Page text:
A bulbous, perennial herb spreading mainly by bulbils in rough grassland and waste ground, on road verges and track sides and by railways. It sometimes occurs in more natural habitats such as sandy river banks, open woodlands on well-drained soils and a variety of coastal situations. Lowland.
A. scorodoprasum is much better recorded than it was for the 1962 Atlas, and its distribution seems to be stable.
European Temperate element, with a continental distribution in W. Europe; widely naturalised outside its native range. Our plant is sometimes considered to be a horticulturally derived variant of the S. European A. scorodoprasum subsp. rotundum.
Light (Ellenberg): 6
Moisture (Ellenberg): 6
Reaction (Ellenberg): 7
Nitrogen (Ellenberg): 7
Salt Tolerance (Ellenberg): 0
January Mean Temperature (Celsius): 3
July Mean Temperature (Celsius): 14.5
Annual Precipitation (mm): 1000
Height (cm): 80
Perennation - primary
Life Form - primary
Clonality - primary
Count of 10km squares in Great Britain: 181
Count of 10km squares in Ireland: 0
Count of 10km squares in the Channel Isles: 0
Atlas Change Index: 0.3
Scarce Atlas Account
Allium scorodoprasum L.
Status: not scarce
This is a bulbous plant of grassland, scrub and open woodland on dry, sandy soils. It is occasionally found on riversides, mainly on gravel and sandy banks. It is often found in limited numbers, sparsely scattered. It is virtually confined to the lowlands, but reaches 370 metres in Silverdale.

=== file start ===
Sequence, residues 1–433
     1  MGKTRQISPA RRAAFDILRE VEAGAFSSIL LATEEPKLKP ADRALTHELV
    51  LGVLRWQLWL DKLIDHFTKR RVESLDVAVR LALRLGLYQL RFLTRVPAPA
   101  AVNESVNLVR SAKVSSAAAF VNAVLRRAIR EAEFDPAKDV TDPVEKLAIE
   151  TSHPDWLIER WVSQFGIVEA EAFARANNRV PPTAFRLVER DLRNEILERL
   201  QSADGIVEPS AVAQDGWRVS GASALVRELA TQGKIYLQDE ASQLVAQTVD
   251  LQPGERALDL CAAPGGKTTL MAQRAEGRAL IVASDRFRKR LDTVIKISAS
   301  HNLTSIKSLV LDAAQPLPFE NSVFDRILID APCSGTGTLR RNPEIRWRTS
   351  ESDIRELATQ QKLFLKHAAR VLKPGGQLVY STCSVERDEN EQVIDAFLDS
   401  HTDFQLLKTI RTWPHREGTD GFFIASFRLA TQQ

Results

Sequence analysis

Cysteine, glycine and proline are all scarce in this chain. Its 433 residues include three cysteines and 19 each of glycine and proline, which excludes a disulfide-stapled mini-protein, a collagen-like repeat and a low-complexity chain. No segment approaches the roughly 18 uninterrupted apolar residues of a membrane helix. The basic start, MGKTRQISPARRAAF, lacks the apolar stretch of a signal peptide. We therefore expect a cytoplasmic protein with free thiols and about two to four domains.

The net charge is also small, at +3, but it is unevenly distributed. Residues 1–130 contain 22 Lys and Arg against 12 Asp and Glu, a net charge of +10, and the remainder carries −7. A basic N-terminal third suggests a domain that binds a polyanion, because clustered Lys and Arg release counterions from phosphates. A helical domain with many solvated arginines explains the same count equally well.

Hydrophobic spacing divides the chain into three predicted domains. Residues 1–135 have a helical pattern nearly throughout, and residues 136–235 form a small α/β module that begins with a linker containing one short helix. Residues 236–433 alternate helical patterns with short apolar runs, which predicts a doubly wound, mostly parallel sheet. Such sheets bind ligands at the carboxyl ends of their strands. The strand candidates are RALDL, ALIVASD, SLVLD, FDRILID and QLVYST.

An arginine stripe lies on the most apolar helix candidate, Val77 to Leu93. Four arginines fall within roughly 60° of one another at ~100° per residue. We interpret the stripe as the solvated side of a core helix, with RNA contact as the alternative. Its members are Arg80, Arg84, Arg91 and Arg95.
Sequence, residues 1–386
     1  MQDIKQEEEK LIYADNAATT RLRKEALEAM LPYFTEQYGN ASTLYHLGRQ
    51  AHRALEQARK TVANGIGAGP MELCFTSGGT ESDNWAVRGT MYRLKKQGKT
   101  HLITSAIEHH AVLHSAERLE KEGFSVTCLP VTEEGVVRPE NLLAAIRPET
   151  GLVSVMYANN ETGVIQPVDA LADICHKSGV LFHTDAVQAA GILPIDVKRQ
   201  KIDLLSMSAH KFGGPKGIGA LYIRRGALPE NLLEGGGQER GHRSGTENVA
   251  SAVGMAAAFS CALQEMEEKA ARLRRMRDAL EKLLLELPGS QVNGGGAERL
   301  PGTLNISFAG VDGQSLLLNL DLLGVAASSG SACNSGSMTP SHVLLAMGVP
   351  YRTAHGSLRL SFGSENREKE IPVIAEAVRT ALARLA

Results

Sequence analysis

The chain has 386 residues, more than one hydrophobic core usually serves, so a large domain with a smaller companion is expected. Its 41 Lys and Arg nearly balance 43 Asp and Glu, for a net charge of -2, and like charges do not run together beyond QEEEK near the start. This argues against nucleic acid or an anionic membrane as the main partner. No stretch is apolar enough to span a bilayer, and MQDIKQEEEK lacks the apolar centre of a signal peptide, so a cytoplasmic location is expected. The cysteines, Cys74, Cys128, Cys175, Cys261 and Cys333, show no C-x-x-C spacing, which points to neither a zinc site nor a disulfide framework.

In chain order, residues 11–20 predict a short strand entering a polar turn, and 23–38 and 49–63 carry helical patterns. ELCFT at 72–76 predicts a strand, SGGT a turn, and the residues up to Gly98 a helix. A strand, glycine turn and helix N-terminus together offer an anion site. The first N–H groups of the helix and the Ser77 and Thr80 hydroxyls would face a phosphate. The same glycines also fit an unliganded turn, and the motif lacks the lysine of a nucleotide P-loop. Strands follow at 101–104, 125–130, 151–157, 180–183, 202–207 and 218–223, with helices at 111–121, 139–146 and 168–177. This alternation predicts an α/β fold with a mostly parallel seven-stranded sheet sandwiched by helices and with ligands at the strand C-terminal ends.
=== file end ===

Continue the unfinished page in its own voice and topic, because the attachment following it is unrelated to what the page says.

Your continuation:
It is a perennial and reproduces by bulb offsets and by bulbils.
There are many more records in northern England now than were available to the editors of the Atlas of the British Flora (Perring & Walters 1962). This probably reflects the recent recording efforts in this area, but the plant may also have become more obvious by increased flowering with the warm, dry summers experienced over the last few years.
The British plant is A. scorodoprasum subsp. scorodoprasum. This has a scattered distribution in northern and central Europe, reaching its northern limit in Scotland and southern Finland, and extending south to Bulgaria and the Crimea. Three other subspecies are recognised in Europe, and have more southerly distributions.
Like A. oleraceum this plant may be a long established alien in Britain, and its wide and scattered distribution in Europe may be partly due to its former cultivation as a culinary plant (Tutin et al. 1980).
Atlas text references
1986. Atlas of north European vascular plants north of the Tropic of Cancer. 3 vols.
1996. A review of Allium Section Allium.
1965. Vergleichende Chorologie der zentraleuropäischen Flora. Volume 1. 2 vols.
1994. Scarce plants in Britain.